This research addresses moral decision making and the experience of public school principals. It also explores the possible influence mentoring has on principals’ abilities to confront complex decisions when clear ethical choices do not exist. This study incorporates a survey methodology, exploring the relationship between principal mentoring programs and schemas of morality in principals’ decision making. I used the Defining Issues Test-2 (Bebeau & Thoma, 2003; Rest & Narvaez, 1998) as the quantitative measurement tool to assess moral reasoning in this study. The survey also included questions about mentoring experiences and principal demographics. The DIT-2 uses the following three moral schemas that Rest (1973) identified: Personal Interest Schema, Maintaining Norms Schema, and Postconventional Schema. Rest based the three schemas on Kohlberg’s (1958) moral development theory, which provides a framework for understanding various levels of moral judgment. The first part of my research involves determining the moral schemas principals use when making moral judgments. Principals in various studies have not only identified a need to improve moral judgment, but also areas of improvement that would most benefit them (Dempster and Berry, 2003; Drago-Severson, 2012; Henry, 2010). As a result, the second part of my research explores how principal mentoring programs with an ethics component impact moral judgment in principals.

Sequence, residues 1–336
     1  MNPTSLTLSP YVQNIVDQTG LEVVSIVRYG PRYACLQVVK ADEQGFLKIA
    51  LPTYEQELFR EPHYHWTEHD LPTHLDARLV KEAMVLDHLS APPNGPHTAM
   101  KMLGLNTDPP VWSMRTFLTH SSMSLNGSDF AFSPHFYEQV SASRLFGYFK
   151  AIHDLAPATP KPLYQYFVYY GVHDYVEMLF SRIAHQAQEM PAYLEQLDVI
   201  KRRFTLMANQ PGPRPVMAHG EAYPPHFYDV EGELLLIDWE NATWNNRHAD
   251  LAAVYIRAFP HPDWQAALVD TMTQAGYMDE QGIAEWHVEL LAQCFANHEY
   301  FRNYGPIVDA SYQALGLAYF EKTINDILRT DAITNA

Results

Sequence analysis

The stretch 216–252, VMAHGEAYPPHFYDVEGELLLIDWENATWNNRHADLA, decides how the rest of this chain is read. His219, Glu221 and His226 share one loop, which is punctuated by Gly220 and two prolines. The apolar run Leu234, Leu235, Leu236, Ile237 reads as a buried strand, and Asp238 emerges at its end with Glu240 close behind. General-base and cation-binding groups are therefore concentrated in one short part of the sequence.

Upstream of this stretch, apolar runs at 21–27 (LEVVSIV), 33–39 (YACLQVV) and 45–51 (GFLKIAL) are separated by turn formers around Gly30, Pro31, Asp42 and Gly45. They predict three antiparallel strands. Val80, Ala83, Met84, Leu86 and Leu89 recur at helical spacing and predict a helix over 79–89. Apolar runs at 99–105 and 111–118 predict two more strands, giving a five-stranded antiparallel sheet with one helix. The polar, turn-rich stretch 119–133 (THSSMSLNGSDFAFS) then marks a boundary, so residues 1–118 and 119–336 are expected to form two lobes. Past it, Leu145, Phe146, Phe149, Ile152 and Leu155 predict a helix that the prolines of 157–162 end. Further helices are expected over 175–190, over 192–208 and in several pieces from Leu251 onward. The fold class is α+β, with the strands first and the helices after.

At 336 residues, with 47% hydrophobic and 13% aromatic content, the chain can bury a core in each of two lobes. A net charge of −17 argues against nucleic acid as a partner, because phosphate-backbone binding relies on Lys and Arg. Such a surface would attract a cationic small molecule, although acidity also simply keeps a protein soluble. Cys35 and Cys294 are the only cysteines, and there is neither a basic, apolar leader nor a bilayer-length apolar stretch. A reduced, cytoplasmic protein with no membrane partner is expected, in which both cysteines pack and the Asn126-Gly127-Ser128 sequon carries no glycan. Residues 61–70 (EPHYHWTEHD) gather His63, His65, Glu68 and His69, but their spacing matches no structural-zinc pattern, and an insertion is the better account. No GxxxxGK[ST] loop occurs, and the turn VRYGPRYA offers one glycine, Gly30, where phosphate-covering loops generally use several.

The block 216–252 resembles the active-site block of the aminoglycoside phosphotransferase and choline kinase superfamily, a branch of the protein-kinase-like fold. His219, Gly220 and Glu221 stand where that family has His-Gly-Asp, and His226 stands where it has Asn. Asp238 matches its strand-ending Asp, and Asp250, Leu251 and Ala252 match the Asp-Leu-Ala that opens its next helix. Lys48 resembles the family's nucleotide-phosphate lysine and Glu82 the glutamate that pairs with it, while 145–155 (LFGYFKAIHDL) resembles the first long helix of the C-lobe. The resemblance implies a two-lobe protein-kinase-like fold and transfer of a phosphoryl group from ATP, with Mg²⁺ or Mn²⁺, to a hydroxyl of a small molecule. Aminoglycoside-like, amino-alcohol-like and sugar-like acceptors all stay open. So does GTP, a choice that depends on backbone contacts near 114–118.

|Advisor:||Anderson, John A.|
|Commitee:||Gunter, Valerie, Mabry, J. Beth|
|School:||Indiana University of Pennsylvania|
|School Location:||United States -- Pennsylvania|
|Source:||DAI-A 78/09(E), Dissertation Abstracts International|
|Subjects:||Educational leadership, School administration|
|Keywords:||Moral judgment, Moral reasoning, Principal mentoring|
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